Holy Cross Monastery, West Park, NY
Br. Josép Reinaldo Martínez-Cubero, OHC
Advent 3 C - Sunday, December 16, 2018
Advent 3 C - Sunday, December 16, 2018
Click here for an audio version of the sermon.
Today is the Third Sunday of Advent, traditionally called Gaudete Sunday or Rejoice Sunday. The name is taken from today’s second lesson from Paul’s Letter to the Philippians: “Rejoice in the Lord always; again I will say, Rejoice” The reading from the prophet Zephaniah also calls for shouts of joy: “Sing aloud, O daughter Zion; shout, O Israel! Rejoice and exult with all your heart, O daughter Jerusalem!” And in the lectionary, for today, there is also a canticle (not included in this liturgy) with the words of the prophet Isaiah calling people to sing praises and ring out their joy, for the great one in the midst of them is the Holy One of Israel.
But, ah, today we also have our gospel lesson with John the Grouch Baptist. "You brood of vipers!" he shouts. "Who warned you to flee from the wrath to come? Bear fruits worthy of repentance." According to the Gospel of Luke, great crowds streamed into the desert to get yelled at by John. Why? Well, a clue in the gospel passage is the question they ask at the conclusion of John’s sermon. "What should we do?" That's not a question people ask when things are going well. It's the question we might ask when we've come to the end of our rope, or when what we have thought to be wisdom has failed. It's what we ask when we are desperate. "What should we do?"
What did the crowds think such a character as John, ascetic, rough, dressed in camel’s hair, an appearance that bespeaks the margins, would say in answer to their question? Abandon your homes and families? Dwell in the desert? Start a revolution? Oh, no. The answer he gave is much more radical than that. To the tax collectors, he said, "Collect no more than the amount prescribed for you." To the soldiers: "Don't extort money by threats or false accusations; be satisfied with your wages." In other words, he tells them to go home. He points them to the very places in which they already live, and work, and suggests that these places are precisely where God calls them to be, and where God is at work in them, and through them.
So the message for us is to stop escaping, and insisting God is somewhere else. God is present. God is here, amid our imperfections and failings, blessing our efforts to reflect God’s love, and claiming us as God’s own, even when we fall short. John calls us to inhabit the stuff of our lives as deeply and as generously as we can. Our Messiah is closer than we think. We are to inhabit our lives, no matter how plain or obscure or unglamorous or difficult. And why? Well, because the holy ground that matters most is the ground beneath our feet.
Holiness is not the ethereal and mysterious thing we tend to make it. If we're willing to look closely, if we're willing to believe that nothing in our lives is too mundane or secular for God, then we'll understand that all the possibilities for salvation we need are embedded in the lives God has already given us. We don't have to look "out there." The reign of God is here, within and among us. God meets us where we are, accepts us as we are, and makes good use of us to care for (NOT take care of) those around us. John, in this gospel lesson, challenges us to right relationship not only with God, but also with our neighbors because, really, that is the only way to be in right relationship with God. So bearing fruits worthy of repentance has to do with how we are living out God’s love with each other.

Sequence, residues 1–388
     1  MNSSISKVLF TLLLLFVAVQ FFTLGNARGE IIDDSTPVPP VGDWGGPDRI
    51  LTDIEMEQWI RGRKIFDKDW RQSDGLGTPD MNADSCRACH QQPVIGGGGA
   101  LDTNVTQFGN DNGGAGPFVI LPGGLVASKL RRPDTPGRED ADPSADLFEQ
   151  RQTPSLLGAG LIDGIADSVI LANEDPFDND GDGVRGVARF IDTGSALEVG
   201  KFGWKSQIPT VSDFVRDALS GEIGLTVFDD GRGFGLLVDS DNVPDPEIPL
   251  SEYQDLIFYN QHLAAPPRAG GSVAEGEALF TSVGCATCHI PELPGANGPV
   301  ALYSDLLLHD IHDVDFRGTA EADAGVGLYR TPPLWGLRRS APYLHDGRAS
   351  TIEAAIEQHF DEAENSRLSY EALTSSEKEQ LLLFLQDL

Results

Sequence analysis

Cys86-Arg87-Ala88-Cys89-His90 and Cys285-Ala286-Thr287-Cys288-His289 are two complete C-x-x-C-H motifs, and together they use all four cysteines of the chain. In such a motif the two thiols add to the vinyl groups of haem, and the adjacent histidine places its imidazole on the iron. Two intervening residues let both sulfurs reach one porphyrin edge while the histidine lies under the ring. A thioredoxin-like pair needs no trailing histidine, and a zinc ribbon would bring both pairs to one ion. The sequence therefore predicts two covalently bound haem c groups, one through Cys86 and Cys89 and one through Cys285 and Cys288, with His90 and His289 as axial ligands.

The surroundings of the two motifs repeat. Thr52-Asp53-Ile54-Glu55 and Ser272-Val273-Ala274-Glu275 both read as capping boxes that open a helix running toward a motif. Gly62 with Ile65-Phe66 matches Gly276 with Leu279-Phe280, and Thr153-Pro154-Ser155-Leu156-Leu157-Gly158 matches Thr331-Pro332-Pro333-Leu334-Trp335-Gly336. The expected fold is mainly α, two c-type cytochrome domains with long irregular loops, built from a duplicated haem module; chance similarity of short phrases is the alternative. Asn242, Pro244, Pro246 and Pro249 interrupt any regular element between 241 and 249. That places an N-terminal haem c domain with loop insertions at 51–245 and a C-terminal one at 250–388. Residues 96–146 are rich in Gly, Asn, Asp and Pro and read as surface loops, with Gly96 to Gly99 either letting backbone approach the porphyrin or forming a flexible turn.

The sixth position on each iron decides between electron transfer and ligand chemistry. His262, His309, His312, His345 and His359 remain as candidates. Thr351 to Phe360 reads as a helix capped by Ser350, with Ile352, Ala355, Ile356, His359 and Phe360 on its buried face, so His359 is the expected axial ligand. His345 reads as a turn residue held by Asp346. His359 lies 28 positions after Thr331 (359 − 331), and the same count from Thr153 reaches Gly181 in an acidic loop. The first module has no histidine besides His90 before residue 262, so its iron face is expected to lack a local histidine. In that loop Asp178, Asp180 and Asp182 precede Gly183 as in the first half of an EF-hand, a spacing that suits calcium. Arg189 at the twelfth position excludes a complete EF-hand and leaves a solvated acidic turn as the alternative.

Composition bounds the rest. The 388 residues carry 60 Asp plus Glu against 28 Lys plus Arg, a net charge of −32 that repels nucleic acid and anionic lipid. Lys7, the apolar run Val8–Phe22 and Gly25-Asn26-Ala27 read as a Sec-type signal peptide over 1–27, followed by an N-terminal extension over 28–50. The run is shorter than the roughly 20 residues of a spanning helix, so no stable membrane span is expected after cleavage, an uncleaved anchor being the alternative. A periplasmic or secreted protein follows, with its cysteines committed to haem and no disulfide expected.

John concludes his sermon in the wilderness with a harrowing description of the coming Messiah: "He will baptize you with the Holy Spirit and fire. His winnowing fork is in his hand, to clear his threshing floor and to gather the wheat into his granary; but the chaff he will burn with unquenchable fire." The Gospel writer calls John's exhortation "good news." My first reaction to that was: “Say what??” How is the portrait of a Messiah who judges, sorts, and burns us good news? After much pondering, I decided to look up the word “judgment” in the dictionary. I was shocked, and enlightened. Synonyms for “judgment” include discernment, acuity, and perception. We can think of judging something as seeing it clearly, or knowing it as it truly is.
Perhaps John is saying that the Messiah who is coming really sees us, and knows us at our very core. Perhaps the winnowing fork is an instrument of love, wielded by the One who discerns in us rich harvests still hidden by chaff. It is by surrendering to God every part of our lives that we consent to God to separate all that is destructive from all that is good, beautiful, and priceless in us. Perhaps this Messiah who is coming to save us is actually coming from within us. All we have to do is take responsibility for our actions and our lives.
To conclude, I’ll share an interesting thing I learned recently. John the Baptist is the patron saint of spiritual joy. That’s right, John the Grouch Baptist. It makes sense. He was still in his mother’s womb when he first leapt at the presence of Mary and Jesus. When it came time for him to “decrease” and for Jesus to “increase,” he did so willingly, saying, “…my joy has been fulfilled.” Clearly, John understood something unyielding about joy. Joy is not just happiness, but as my Spiritual Director reminded me recently, joy needs sadness, and heartbreak to be complete. Joy will cost us. We are to bear fruits worthy of repentance, yes, bear fruits, as in bring them forth, but also, bear them, as in carry them, shoulder them, endure them. Gaudete! ¡Que así sea en el nombre del Padre, del Hijo y del Espíritu Santo! ~Amen+